Felder 531 archive
Friday 17 October 2008
Colin Eden-Eadon discusses the merits of this machineError loading Partial View script (file: ~/Views/MacroPartials/cwsGalleryImages.cshtml)
I first looked at the Felder 531 Universal in F&C120 and have come back to it now as part of an on-going, long-term test. It has seen a great deal of use in the F&C workshop so it's worth revisiting the machine to see how it fares over time.
The 531 combination machine from the 500 series is designed to fit in the Felder range as entry-level machinery above their Hammer range. Universals are by their very nature, a one-man machine so if this does not suit you, the 500 series has separates available as well.
The build quality is very good. The main tables are crisply machined and the overall impression of the machine is of one that will last in a busy workshop. It is a hybrid machine in that it has parts that are used from both the Felder and the Hammer range. This means the internals are Hammer, and the tables, fences and spindle hood are Felder. The idea is to make it affordable but with some of the best of the more expensive range added.
The sawThe 531 comes with the X-Roll table, which I have to admit to be one of the prime reasons why I like the Felder set-up. In crosscut mode, this is a lovely example - very precise and exactly what a furniture maker needs. For a small shop you probably don't need the gantry undercarriage - a small extension is fine for most work.
The fence has a 90 degree stop that flips down that is very accurate and easy to use. Of course one of the limitations of a universal is the ripping width - in order to get the maximum out of it you have to work across all the other tables. You need to remove the planer fence but this becomes your rip fence anyway. There is a bit of a no mans land between the saw table and the planer table, which can cause a problem if you are ripping something between 500-600mm (199/16-239/16in) - I would like to see this improved.
The cutting quality of the blades provided by Felder are very good and we had clean results every time. All you need to do is to make sure you use a rip blade for ripping and a crosscut blade for crosscutting, which you should do any way!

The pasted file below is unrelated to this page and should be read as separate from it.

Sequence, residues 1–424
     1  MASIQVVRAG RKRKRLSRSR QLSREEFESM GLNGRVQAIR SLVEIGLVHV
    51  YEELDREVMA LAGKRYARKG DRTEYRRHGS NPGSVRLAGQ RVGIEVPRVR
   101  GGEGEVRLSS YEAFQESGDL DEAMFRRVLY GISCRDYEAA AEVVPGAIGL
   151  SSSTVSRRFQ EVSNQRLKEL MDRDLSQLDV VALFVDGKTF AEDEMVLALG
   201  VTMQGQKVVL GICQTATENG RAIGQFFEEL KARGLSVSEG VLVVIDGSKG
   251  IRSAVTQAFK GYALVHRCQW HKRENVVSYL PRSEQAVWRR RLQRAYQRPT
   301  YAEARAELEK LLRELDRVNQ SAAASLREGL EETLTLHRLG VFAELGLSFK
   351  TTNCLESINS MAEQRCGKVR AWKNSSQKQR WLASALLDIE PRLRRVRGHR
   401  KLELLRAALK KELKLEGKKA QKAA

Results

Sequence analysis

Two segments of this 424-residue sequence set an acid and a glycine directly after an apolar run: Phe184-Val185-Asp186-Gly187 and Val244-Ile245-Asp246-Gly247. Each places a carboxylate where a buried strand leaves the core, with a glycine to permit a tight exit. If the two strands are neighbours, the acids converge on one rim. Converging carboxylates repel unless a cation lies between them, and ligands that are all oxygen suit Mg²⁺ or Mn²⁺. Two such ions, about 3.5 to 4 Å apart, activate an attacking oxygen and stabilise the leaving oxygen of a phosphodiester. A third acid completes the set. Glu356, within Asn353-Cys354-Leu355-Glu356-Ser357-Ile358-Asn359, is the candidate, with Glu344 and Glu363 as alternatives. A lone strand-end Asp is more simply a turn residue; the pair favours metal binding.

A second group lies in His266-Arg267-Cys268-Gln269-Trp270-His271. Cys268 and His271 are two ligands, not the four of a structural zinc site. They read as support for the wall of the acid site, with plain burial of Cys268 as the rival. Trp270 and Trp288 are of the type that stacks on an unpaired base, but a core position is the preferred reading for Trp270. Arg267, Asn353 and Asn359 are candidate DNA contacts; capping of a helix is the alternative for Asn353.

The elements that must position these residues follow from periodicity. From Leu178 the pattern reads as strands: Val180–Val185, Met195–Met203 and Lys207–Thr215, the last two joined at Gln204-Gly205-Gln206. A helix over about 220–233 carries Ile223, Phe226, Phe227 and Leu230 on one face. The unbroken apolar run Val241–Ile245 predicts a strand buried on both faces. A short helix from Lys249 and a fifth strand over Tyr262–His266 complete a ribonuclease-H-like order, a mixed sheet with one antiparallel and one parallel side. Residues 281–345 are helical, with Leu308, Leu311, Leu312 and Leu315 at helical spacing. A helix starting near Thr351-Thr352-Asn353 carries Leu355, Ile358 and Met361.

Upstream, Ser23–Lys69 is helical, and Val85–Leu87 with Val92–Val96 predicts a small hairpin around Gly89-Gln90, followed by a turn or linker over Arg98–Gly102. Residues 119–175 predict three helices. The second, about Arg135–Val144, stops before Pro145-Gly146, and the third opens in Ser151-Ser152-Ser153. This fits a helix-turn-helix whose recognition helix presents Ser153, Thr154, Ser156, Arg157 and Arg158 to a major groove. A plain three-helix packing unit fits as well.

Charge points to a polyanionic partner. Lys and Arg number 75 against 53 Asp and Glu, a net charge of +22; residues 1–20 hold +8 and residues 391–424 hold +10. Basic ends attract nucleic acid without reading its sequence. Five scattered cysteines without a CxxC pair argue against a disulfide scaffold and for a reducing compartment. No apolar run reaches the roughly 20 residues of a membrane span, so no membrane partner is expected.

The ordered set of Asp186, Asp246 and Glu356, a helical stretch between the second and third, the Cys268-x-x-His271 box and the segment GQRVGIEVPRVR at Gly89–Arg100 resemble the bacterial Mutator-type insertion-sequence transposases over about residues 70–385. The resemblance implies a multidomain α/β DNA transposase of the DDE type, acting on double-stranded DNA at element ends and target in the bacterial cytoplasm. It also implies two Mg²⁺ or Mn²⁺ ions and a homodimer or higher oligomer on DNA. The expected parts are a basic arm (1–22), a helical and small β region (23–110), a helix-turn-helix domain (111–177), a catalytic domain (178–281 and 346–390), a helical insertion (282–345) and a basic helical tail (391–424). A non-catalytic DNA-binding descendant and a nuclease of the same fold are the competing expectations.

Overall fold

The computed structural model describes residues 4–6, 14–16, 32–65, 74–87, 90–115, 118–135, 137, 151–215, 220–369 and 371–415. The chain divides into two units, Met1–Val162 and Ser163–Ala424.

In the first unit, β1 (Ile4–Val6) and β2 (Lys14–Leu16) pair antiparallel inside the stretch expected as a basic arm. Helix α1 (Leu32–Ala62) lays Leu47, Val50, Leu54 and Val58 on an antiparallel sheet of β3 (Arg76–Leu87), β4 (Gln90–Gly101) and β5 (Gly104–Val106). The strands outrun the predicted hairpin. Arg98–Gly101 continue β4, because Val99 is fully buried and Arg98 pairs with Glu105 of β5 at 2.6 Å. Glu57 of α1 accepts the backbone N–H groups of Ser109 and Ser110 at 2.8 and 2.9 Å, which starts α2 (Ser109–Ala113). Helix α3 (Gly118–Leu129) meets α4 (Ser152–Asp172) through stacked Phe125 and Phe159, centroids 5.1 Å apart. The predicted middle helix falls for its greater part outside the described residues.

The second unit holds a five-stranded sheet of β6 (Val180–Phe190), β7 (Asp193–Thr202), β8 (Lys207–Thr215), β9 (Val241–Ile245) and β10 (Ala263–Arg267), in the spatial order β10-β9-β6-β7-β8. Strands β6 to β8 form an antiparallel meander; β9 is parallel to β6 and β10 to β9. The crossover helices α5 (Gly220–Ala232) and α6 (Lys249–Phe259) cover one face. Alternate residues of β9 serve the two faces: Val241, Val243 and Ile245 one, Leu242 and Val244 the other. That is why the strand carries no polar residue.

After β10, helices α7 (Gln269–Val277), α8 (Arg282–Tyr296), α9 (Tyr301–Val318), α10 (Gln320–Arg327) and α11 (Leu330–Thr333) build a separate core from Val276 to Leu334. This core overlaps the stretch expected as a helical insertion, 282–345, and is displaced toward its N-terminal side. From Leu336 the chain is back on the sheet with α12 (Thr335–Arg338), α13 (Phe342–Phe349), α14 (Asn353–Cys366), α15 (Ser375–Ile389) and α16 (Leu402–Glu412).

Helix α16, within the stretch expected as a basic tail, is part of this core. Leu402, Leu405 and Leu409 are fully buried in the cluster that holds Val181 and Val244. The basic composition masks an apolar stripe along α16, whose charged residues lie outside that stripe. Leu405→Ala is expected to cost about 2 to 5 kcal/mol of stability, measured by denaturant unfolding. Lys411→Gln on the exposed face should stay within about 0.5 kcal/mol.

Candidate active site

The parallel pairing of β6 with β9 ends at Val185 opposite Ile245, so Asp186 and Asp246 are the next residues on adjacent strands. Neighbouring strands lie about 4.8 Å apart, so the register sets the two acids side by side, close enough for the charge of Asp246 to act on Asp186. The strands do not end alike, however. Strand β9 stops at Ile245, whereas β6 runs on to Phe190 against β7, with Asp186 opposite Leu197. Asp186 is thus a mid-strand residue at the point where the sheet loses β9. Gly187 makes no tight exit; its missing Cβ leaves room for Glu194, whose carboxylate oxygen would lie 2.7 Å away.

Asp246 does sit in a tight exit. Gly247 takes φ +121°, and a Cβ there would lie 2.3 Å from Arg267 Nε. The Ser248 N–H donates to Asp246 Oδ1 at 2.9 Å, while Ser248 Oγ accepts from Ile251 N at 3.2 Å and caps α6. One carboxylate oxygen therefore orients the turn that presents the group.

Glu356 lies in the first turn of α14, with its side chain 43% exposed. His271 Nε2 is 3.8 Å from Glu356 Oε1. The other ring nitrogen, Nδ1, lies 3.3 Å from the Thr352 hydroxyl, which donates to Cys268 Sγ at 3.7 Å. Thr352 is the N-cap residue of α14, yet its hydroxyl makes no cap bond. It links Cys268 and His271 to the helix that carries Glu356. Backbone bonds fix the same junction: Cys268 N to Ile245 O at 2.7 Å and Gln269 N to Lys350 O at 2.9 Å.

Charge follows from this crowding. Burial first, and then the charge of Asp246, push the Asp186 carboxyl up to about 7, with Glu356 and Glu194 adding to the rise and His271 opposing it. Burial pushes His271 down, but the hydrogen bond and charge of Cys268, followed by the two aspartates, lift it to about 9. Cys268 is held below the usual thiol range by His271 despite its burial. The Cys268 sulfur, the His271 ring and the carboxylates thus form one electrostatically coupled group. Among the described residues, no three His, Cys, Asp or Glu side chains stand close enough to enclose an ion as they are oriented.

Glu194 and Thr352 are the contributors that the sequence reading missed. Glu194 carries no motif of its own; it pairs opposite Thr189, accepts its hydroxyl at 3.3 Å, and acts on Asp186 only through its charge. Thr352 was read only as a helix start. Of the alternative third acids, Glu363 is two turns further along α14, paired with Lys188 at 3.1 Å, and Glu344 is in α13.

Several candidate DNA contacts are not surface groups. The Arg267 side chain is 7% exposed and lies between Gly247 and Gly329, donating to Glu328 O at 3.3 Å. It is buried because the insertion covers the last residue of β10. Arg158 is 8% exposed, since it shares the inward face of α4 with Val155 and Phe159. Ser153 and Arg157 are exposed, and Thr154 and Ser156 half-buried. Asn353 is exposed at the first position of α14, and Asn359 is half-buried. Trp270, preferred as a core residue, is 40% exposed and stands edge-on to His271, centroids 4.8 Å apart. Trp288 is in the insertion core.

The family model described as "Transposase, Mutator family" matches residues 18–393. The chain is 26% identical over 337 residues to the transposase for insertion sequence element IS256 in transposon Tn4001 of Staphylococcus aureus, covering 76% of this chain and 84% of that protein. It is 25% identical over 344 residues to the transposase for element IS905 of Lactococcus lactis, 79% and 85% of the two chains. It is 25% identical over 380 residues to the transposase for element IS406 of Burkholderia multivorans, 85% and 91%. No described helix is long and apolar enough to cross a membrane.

The fence is good and heavy, which is great but bear in mind that as you only have the one fence, you have to lift it around a fair amount of the time. The fine adjuster is a nice set-up and works well.
The planerThe planer has a four-knife cutter block with replaceable blades - the standard set-up is a two-knife block. This gives an excellent finish and is very easy to change and set up. The fence is a well-machined affair being very solid and heavy.
ThicknessingThe tables are heavy - models higher up the range are assisted by a parallel lift. This is one of the economies that make the 531 very competitively priced. The table works smoothly and we had the digital gauge on this model, which is one of the reasons why I like this machine. It works exceedingly well and really makes it a precision machine. Over the time we have had the 531, it has planed up acres of oak and other timbers with no complaints, and to a fine finish.
The spindleAgain the spindle benefits from the Felder range, and has the fence and hood of its more expensive brothers. This set-up again is very good and has the added advantage of being repeatable via a set of pins and a neat fine adjuster, as well as the normal fence adjusters. The spindle speeds are changed in the normal way via belts and pulleys. This model has a tilting spindle as well as reverse, and plenty of warning lights to remind you that you have it in reverse mode!
The verdictWe have had the use of a Felder 531 universal for over six months now, and it has been a real workhorse and an asset. We have certainly given it a good tough working test and it has come out with flying colours.
Overall, the 531 is an excellent machine. Given its limitations, simply because it is a universal, it will not suit everyone. There were one or two niggles that we have found over time but that was why we were keen to do this test. Happily, the Felder has very few vices. It is not a 741 - the flagship of the Felder fleet, which has everything on an even heavier scale - but as machinery for the individual workshop, the well-heeled amateur or professional, this machine really is hard to fault and has the thumbs up from me.